Obama EPA pick says she’ll visit Bay, support its restoration
Lisa Jackson says agency’s decisions will be based on science
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The Obama administration's choice for EPA administrator, Lisa Jackson, vowed during her confirmation hearing in January to visit the Chesapeake Bay and boost support for its restoration.
In testimony before the Senate Environment and Public Works Committee, she also vowed that decisions by the agency would be based on science, and that it would operate "with unparalleled transparency and openness."
She was pressed on Chesapeake Bay issues by Sen. Benjamin Cardin, D-MD, who told Jackson that "we need leadership from this administration to strengthen the partnership between the federal government and the Bay partners in order to be able to move forward."
He said cleanup efforts needed "adequate funding" and to be "result oriented."
"We don't want to see press releases, we want to see results in the cleaning of the Bay," Cardin said.
Jackson promised to visit the Bay with Cardin for a first-hand look at the nation's largest estuary and efforts to restore its health. "I believe that the federal government's partnership is important, not only because of the extraordinary treasure that is the Chesapeake Bay...but because it is such an important demonstration to the rest of the country of the power of EPA and the states-because the states are certainly involved-to turn the tide, to reverse the trends in nonpoint source pollution that are affecting the Chesapeake Bay," Jackson said.
She added that she would "commit to raising the bar even further on the federal government's level of commitment to this extraordinary resources."
Jackson said she would ensure that EPA employees working on the Bay "don't feel the need to hide the truth of what is working and not working, because they are worried about resources being taken away from them. We need to be able to have an honest dialogue about where we haven't been able to see the improvements."
Several press articles and government audits of the Bay Program in recent years, including one from the Congressional Governmental Accountability Office, said past EPA reports presented an overly "rosy" view of the Chesapeake's health and the progress of cleanup efforts. In response, the Bay Program has revised its reporting systems in recent years.
Jackson also said she would try to address air quality issues that affect the Bay-nitrogen oxide emissions from the combustion of fossil fuels is a significant source of nitrogen to the Chesapeake.
Cardin expressed concern about court decisions that have eroded the protection of wetlands under the Clean Water Act, and Jackson promised to work with the committee "to make sure the waters of our country are adequately protected and enhanced."
In her prepared remarks, Jackson sent a clear signal that the Obama administration plans to take the agency in a different direction. Many of the senators quizzing Jackson were critical of the way the EPA operated for the past eight years, and emphasized their desire for change. Sen. Sheldon Whitehouse, D-RI, said the agency had "fallen into significant disrepute." Sen. Barbara Boxer, D-CA, the committee chair, said "the EPA has hurt the American people, made them less safe, over the last eight years."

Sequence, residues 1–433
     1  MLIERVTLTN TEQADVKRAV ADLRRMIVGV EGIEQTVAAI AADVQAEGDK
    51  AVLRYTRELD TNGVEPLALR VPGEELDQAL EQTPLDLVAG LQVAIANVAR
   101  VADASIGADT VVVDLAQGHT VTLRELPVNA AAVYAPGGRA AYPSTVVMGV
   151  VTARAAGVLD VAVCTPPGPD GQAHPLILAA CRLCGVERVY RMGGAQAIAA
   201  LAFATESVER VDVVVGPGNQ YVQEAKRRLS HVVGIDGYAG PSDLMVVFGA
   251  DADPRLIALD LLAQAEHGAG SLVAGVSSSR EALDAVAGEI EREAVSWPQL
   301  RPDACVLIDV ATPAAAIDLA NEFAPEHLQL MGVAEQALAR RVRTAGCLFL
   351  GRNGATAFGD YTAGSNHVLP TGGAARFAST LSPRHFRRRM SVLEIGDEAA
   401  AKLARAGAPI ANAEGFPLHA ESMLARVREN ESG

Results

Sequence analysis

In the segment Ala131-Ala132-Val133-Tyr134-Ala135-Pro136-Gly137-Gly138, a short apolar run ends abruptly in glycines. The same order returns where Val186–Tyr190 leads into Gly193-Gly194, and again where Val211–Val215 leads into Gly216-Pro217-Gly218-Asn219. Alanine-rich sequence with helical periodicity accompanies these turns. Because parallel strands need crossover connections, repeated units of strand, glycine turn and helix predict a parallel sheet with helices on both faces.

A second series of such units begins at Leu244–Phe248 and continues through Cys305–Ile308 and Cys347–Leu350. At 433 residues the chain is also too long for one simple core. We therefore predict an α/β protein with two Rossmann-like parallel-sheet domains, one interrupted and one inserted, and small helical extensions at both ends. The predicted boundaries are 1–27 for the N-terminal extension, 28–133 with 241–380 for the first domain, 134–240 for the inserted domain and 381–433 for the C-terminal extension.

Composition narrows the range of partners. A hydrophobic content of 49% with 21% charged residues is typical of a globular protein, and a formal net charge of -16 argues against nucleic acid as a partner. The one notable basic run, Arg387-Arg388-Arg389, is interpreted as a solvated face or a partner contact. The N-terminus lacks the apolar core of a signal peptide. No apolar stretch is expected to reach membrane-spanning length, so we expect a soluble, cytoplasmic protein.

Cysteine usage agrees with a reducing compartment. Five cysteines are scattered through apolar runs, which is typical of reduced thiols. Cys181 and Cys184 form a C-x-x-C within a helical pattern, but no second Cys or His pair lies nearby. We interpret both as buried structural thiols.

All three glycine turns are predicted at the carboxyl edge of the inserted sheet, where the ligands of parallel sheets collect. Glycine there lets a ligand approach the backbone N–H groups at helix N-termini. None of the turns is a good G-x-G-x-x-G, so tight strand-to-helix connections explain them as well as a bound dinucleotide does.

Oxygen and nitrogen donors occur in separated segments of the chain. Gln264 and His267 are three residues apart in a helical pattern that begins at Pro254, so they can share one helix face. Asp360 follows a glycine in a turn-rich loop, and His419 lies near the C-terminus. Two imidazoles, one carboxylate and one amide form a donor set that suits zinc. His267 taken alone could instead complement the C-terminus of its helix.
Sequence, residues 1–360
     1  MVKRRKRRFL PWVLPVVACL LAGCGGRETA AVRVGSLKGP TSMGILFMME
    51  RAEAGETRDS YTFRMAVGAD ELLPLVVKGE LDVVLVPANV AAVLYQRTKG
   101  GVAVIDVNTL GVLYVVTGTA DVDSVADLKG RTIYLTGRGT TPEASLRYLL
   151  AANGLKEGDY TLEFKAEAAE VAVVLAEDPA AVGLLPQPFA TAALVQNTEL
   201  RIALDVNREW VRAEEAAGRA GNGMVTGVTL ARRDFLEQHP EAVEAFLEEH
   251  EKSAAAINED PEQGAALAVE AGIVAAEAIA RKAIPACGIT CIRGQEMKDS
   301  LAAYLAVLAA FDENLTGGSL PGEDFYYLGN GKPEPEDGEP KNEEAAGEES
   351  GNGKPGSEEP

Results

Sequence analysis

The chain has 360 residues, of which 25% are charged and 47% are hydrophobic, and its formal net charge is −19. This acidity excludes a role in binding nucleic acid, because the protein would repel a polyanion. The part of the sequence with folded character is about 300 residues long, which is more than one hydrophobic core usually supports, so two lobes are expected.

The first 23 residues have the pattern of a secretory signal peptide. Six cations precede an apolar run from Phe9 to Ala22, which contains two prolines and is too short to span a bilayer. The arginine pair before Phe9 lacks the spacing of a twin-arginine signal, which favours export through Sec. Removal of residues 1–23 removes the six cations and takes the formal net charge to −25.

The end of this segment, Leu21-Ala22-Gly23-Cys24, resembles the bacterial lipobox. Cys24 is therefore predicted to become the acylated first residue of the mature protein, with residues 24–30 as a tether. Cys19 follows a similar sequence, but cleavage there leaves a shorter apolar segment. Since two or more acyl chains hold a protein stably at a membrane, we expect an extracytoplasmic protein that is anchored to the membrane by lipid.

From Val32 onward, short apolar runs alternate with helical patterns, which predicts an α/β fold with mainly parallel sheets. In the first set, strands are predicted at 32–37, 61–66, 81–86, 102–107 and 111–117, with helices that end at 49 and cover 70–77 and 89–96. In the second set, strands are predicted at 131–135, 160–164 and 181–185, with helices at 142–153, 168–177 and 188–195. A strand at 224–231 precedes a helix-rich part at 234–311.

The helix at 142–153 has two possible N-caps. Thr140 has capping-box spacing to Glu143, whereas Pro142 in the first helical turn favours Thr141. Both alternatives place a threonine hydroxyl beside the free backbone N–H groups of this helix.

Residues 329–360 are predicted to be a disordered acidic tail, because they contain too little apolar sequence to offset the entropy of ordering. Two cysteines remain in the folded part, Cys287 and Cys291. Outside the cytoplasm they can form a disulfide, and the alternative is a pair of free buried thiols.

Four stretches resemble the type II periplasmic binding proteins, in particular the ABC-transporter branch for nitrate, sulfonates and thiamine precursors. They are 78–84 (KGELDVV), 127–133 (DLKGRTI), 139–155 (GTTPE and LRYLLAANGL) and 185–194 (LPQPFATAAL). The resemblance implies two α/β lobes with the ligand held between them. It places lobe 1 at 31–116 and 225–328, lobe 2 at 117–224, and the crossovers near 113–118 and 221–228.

Jackson said she would "administer with science as my guide" and promised that "political appointees will not compromise the integrity of EPA's technical experts to advance particular regulatory outcomes."
The Bush administration was at times accused of ignoring the advice of scientific experts on decisions ranging from global warming to air pollution.
"Science must be the backbone of what EPA does," Jackson said. "EPA's addressing of scientific decisions should reflect the expert judgment of the agency's career scientists."
She said the EPA in the Obama administration would have five key objectives: reducing greenhouse gas emissions; reducing other air pollutants; addressing toxic chemicals; cleaning up hazardous waste sites; and protecting water.
Jackson offered little detail about how she would pursue those priorities.
But she did indicate she had a broad interpretation of key environmental laws such as the Clean Water Act, which was last updated in 1988, and the Clean Air Act, which was last updated in 1990. Those laws, she said, "were meant to address not only the issues of today, but the issues of tomorrow."
Jackson, 46, holds degrees in chemical engineering from Tulane University and Princeton University. She worked as a career employee at the EPA for 15 years. Since 2002, she served as head of New Jersey's Department of Environmental Protection. She would be the first black person to lead the EPA, an agency with 17,000 employees and a $7 billion budget.
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